Teamwork and team building are increasingly seen as crucial to organizational performance, whether we are talking about a business, an athletic competition, a family, or just two workers coordinating their efforts. More books are written about team building than any other aspect of organization development. Yet it is still not entirely clear what the essence of teamwork is. One aspect is clearly that every member must perform some role that is relevant to what the group is trying to do.
Getting team chemistry right is essential to high performance. But that’s not news, so let’s get to the hard part. How can you tell if someone will make a good team member? The explosion of big data and analytical tools has not yet produced much good insight on how to staff and manage high-performance teams.
Why do so many front-line people start their jobs energized and eager to contribute, only to wind up with chronic job frustration?
If you listen to front-line team members for any length of time, you hear certain themes again and again. They do not feel valued or heard by their organizations, and that leaves them feeling powerless. Having seen so many management initiatives fail, they meet change efforts and new ideas with skepticism if not downright cynicism. They feel “one-down” and deprived of the privilege and perks enjoyed by others in the organization.
Fostering the formation of positive relationships in organizations is a topic that has been well examined. For example, a search for the phrase “relationships at work” on Amazon.com results in approximately 100,000 books. Forming close friendships at work, it has been found, tends to enhance and increase productivity and performance (Buckingham & Clifton, 2001; Dutton, 2003; Lawler, 2003).
A prominent business magazine hires a journalist to write about the chief executive of a major corporation. The man has been at the helm for several years and is considered highly effective. The journalist submits an excellent piece, capturing the very spirit of the man’s managerial style. The magazine rejects it–not exciting enough, no hype. Yet the company has just broken profit records for its industry.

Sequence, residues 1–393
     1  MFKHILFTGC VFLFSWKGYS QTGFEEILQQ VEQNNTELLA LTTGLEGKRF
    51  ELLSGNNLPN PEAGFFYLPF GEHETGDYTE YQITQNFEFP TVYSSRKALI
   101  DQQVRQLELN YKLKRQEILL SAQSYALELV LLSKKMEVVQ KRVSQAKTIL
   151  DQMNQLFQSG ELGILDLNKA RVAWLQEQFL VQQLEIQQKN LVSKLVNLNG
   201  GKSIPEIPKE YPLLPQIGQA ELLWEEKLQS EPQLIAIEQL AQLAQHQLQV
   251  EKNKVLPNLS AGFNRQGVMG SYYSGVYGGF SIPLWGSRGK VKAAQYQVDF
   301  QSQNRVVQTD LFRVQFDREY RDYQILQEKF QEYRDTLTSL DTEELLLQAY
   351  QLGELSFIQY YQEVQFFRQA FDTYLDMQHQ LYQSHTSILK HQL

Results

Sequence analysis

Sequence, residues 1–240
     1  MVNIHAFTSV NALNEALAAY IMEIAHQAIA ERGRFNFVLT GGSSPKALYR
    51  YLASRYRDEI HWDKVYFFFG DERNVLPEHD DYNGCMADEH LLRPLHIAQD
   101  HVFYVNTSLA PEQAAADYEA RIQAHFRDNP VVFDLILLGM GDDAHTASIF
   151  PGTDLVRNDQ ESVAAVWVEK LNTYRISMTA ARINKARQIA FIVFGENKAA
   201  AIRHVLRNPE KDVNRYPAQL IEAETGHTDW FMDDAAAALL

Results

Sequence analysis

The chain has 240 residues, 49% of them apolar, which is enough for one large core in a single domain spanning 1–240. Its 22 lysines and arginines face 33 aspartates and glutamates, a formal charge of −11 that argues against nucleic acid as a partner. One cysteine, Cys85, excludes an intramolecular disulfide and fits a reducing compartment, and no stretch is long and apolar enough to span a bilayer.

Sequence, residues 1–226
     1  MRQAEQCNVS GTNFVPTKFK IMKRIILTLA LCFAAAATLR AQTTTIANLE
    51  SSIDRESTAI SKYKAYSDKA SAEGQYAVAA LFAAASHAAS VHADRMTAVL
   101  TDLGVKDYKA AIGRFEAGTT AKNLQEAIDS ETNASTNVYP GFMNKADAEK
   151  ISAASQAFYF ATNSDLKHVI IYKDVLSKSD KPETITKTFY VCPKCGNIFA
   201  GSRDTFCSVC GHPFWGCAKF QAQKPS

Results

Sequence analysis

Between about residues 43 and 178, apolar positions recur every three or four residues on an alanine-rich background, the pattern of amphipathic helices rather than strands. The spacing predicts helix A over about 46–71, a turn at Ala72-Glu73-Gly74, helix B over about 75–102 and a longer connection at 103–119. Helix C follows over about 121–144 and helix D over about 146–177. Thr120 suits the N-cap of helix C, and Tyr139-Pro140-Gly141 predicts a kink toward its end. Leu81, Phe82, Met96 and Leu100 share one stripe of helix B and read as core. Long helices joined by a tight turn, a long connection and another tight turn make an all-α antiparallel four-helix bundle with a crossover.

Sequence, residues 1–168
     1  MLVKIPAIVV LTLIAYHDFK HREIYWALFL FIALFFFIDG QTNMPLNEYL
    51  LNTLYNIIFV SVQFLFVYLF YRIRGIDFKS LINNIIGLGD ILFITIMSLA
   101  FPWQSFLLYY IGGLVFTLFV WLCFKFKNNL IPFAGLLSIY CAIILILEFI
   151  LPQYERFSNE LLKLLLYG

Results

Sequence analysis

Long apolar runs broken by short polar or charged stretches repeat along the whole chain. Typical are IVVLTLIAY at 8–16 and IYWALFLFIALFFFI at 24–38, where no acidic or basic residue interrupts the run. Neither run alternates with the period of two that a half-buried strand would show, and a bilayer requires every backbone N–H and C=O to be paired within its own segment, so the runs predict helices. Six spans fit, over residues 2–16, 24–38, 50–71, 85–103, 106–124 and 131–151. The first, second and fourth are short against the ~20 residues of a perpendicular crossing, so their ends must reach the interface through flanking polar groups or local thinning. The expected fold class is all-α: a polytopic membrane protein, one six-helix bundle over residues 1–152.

As a human resource executive Michael had the unpleasant task of eliminating a warehouse manager position. It was difficult for him because the manager, Rose, was a “longtime employee, had an excellent track record, and was 100 percent reliable.” She had to be let go because her warehouse was being consolidated with four others. When he met with Rose to explain her separation package and severance benefits, he was astonished to learn some things about her family life. For the last 17 years, she had gotten up daily at 5:00 a.m.
A colleague of mine manages a high-tech team. She was lamenting an experience trying to motivate a team member, who often works from home. The team was growing, office space was tight, and one of the only offices with four walls and a door belonged to this team member. The manager asked the team member if he would give up his rarely used office to another team member who would benefit from the added space and privacy.
When conversations go wrong, when our best advice is ignored, when we get upset with the advice that others give us, when our subordinates fail to tell us things that would improve matters or avoid pitfalls, when discussions turn into arguments that end in stalemates and hurt feelings–what went wrong and what could have been done to get better outcomes?
IMAGINE CONDUCTING this experiment. Put five monkeys in a cage with a bunch of bananas hanging from the ceiling. Underneath the bananas, place a ladder just tall enough to reach them. Then any time one of the monkeys tries to climb the ladder, spray the entire cage with cold water. Quickly, the monkeys will learn to avoid the ladder and abandon their quest for the bananas.